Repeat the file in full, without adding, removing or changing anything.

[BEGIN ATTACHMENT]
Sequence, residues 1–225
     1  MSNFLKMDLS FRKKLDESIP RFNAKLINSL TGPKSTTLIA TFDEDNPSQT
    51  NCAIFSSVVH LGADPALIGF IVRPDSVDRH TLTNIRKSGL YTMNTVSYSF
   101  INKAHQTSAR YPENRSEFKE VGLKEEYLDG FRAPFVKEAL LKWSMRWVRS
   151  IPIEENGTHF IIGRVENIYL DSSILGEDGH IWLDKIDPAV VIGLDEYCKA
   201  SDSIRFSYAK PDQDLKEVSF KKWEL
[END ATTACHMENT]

Sequence, residues 1–225
     1  MSNFLKMDLS FRKKLDESIP RFNAKLINSL TGPKSTTLIA TFDEDNPSQT
    51  NCAIFSSVVH LGADPALIGF IVRPDSVDRH TLTNIRKSGL YTMNTVSYSF
   101  INKAHQTSAR YPENRSEFKE VGLKEEYLDG FRAPFVKEAL LKWSMRWVRS
   151  IPIEENGTHF IIGRVENIYL DSSILGEDGH IWLDKIDPAV VIGLDEYCKA
   201  SDSIRFSYAK PDQDLKEVSF KKWEL